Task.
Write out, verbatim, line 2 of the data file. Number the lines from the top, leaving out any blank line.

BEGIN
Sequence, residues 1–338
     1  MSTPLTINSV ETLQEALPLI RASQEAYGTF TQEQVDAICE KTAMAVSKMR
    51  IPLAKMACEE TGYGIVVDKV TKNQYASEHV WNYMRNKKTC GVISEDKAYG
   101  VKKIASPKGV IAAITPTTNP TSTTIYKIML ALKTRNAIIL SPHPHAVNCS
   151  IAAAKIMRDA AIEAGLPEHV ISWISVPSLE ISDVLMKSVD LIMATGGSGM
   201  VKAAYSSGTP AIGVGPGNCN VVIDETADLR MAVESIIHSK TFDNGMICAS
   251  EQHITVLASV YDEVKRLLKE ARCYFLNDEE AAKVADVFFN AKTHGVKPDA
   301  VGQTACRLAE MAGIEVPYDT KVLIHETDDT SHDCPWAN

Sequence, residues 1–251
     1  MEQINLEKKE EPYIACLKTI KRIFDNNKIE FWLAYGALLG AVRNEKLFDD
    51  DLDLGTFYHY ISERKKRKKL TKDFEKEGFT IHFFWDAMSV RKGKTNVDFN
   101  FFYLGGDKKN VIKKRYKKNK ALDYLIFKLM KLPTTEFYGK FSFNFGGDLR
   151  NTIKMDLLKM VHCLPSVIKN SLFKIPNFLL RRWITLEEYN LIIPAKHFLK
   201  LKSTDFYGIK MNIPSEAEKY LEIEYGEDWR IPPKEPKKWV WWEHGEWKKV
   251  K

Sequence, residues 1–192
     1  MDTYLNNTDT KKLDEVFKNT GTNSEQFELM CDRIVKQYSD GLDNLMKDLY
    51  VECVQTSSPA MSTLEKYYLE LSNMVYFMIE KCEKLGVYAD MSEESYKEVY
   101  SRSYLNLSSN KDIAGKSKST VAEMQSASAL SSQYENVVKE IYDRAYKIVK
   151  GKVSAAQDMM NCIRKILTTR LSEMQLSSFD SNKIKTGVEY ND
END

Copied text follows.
     1  MSTPLTINSV ETLQEALPLI RASQEAYGTF TQEQVDAICE KTAMAVSKMR